- When choosing a pot for repotting the plant, be sure to pick one that is larger than the previous one. The size must be both, wider and deeper for the repotting process to benefit the plant. As the larger dimensions will allow the roots to grow well before the plant itself grows. Additionally, a strong root system is pivotal to a plant’s growth in an upward direction.
- The pot must also have a good number of drainage holes. These holes will be the gateway for access water to drain out. Of course, you wouldn’t want your plants swimming in the water, causing the roots to get damaged.
- Go for convenient materials that will not only prove best fro the plant itself but also complement the overall layout fo your garden plants. The most commonly found pot options are plastic and clay. The plastic pot may have your vote because of its light-weight outlook. But clay pots have an added advantage of reduced waterlogging. Moreover, there is a very low possibility of plants tipping over once repotted in a clay pot.
Preparing the pot
Cleaning and Disinfecting
Once you have settled with your choice of the pot to repot the plant, it is now time to prepare the pot to proceed with the repotting process.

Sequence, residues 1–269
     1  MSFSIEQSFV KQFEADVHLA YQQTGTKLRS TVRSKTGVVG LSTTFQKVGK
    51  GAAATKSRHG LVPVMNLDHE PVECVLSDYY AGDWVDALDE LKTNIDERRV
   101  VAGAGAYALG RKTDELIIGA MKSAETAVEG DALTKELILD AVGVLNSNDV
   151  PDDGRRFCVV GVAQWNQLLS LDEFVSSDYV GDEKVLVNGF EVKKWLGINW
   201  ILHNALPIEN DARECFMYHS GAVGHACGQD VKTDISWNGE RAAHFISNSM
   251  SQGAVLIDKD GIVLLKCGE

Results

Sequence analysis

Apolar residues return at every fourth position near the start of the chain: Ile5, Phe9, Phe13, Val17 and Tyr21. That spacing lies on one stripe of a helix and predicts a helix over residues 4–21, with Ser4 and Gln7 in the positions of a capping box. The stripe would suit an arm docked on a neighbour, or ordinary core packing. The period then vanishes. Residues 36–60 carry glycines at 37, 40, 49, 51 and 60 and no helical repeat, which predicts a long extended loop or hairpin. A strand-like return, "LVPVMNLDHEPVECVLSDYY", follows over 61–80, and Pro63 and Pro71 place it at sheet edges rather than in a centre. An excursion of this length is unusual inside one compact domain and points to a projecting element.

First and foremost, you must clean and disinfect the pot. Iowa State University suggests using bleach in a concentration of 9 ratios of water to 1 ratio of bleach.
Soak the pot in this solution and then put the pot in a dish detergent and water solution.
If you are using clay pots you may have to use steel wool or brushes to clean and contaminations such as mineral deposits.
This is mostly not a step we think about when we think about how to repot a plant. This will ensure that any existing detrimental minerals on the pot are washed away so that the plant growth is not affected.
To explain this further, kindly note that minerals often dehydrate the plants, later causing the roots to dry out and the leaves to wither. Therefore, this necessitates the need to clean and disinfect the pot.